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Founded in 1904 and headquartered in Farmington Hills, Michigan, USA, the American Concrete Institute is a leading authority and resource worldwide for the development, dissemination, and adoption of its consensus-based standards, technical resources, educational programs, and proven expertise for individuals and organizations involved in concrete design, construction, and materials, who share a commitment to pursuing the best use of concrete.
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Home > Publications > International Concrete Abstracts Portal
The International Concrete Abstracts Portal is an ACI led collaboration with leading technical organizations from within the international concrete industry and offers the most comprehensive collection of published concrete abstracts.
Title: Corrosion of Prestressed Reinforcing Steel in Concrete Bridges: State-of-the-Art
Author(s): M. Nagi and D. Whiting
Publication: Special Publication
Appears on pages(s): 17-42
Keywords: bridges (structures); chlorides; concretes; corrosion; grout; hydrogen; prestressed concrete; prestressing steels; rehabilitation; reinforcing steels; stress corrosion resistance; Structural Research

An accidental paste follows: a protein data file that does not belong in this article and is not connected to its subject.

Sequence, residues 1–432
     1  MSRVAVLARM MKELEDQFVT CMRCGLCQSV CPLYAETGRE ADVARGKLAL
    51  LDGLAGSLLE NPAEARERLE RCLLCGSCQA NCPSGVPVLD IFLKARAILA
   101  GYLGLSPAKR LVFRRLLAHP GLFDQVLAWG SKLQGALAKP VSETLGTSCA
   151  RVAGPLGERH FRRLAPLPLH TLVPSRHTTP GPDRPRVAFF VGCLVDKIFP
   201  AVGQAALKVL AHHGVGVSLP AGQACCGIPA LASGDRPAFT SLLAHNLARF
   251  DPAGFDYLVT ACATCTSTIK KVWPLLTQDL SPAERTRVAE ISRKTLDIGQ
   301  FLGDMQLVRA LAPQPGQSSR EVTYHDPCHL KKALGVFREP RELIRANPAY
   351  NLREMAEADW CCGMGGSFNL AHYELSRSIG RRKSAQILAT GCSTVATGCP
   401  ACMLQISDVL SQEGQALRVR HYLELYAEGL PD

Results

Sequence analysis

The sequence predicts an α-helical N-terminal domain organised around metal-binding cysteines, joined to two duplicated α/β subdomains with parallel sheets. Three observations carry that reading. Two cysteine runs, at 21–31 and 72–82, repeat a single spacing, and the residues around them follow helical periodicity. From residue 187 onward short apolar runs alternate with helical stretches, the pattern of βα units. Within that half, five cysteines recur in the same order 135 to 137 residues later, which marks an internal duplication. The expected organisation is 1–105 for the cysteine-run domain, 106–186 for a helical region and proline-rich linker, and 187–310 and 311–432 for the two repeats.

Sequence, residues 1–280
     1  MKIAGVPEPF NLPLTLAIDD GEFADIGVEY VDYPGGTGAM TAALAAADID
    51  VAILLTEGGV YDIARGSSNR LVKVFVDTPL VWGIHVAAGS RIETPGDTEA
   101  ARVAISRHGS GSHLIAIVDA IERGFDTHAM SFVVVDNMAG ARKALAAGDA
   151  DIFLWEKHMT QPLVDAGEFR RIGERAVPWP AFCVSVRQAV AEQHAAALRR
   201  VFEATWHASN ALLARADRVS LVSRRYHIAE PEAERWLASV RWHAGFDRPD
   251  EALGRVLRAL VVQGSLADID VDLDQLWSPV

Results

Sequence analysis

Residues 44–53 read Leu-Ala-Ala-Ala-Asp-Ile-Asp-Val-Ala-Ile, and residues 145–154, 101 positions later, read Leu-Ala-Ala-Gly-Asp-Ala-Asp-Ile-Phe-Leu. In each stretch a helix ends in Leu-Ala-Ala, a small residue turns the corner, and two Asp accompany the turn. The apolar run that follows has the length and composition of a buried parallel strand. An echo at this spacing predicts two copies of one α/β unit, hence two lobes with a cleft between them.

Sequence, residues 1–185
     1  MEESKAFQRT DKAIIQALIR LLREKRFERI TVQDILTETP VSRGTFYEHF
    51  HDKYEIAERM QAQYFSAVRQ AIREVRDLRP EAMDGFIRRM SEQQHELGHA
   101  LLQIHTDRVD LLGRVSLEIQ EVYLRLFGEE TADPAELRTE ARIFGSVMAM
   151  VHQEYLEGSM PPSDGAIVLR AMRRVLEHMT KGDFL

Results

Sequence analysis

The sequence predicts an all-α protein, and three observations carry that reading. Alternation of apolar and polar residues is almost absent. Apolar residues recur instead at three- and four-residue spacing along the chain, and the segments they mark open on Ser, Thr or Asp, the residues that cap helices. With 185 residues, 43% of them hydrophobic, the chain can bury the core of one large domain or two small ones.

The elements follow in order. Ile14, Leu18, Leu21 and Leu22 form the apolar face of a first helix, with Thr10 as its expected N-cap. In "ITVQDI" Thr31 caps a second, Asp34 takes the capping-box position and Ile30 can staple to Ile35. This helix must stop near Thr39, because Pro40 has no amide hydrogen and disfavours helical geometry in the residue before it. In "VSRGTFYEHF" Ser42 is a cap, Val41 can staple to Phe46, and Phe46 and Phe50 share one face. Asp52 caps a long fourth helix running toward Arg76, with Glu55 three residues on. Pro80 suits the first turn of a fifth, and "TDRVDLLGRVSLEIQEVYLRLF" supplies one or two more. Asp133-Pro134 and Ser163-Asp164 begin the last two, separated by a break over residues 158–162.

Abstract:The practice of prestressing steel has proven to be a very successful method of construction compared to conventional reinforced concrete in increasing load-carrying capacity, improving crack control, and slenderizing structural elements. However, corrosion in prestressed concrete has much more serious consequences than in normal reinforced concrete. Tendons are subjected to high mechanical stresses (often up to 70 to 80 percent of their tensile strength). Under an FHWA contract dealing with rehabilitation of prestressed concrete bridge components by nonelectrical methods, a comprehensive technology review focusing on corrosion of prestressing steel in highway structures was conducted and is summarized in this paper. Types of corrosion and recent theories explaining stress corrosion and hydrogen embrittlement are presented. Susceptibility of prestressing steel to corrosion in prestressed and post-tensioned concrete structures is covered. Factors such as concrete materials, prestressing steel, and environments, which may influence such corrosion, are categorized. Laboratory and field studies dealing with a variety of corrosion issues in pretensioned and post-tensioned concrete are also presented. These issues include the development and improvement of grout materials for bonded tendons in post-tensioned concrete members, use of epoxy-coated prestressing wires, and corrosion of unbonded tendons under severe exposure. Selected case histories and field evaluation of concrete bridges subjected to corrosion are also included. This study gives an overview of corrosion problems in prestressed concrete members and should help engineers to diagnose causes of corrosion and select the right methods and materials to be used for rehabilitation as well as in new constructions.
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